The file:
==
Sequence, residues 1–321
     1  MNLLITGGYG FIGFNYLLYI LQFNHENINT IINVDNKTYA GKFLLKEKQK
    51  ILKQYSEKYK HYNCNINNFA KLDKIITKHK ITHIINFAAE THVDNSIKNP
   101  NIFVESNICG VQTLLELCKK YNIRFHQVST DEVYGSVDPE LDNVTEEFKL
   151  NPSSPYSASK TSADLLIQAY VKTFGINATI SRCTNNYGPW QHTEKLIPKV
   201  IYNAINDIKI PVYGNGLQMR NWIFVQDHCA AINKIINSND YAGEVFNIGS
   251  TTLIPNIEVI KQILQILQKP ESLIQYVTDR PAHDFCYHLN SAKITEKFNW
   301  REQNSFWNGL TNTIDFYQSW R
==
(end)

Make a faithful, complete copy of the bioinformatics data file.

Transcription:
Sequence, residues 1–321
     1  MNLLITGGYG FIGFNYLLYI LQFNHENINT IINVDNKTYA GKFLLKEKQK
    51  ILKQYSEKYK HYNCNINNFA KLDKIITKHK ITHIINFAAE THVDNSIKNP
   101  NIFVESNICG VQTLLELCKK YNIRFHQVST DEVYGSVDPE LDNVTEEFKL
   151  NPSSPYSASK TSADLLIQAY VKTFGINATI SRCTNNYGPW QHTEKLIPKV
   201  IYNAINDIKI PVYGNGLQMR NWIFVQDHCA AINKIINSND YAGEVFNIGS
   251  TTLIPNIEVI KQILQILQKP ESLIQYVTDR PAHDFCYHLN SAKITEKFNW
   301  REQNSFWNGL TNTIDFYQSW R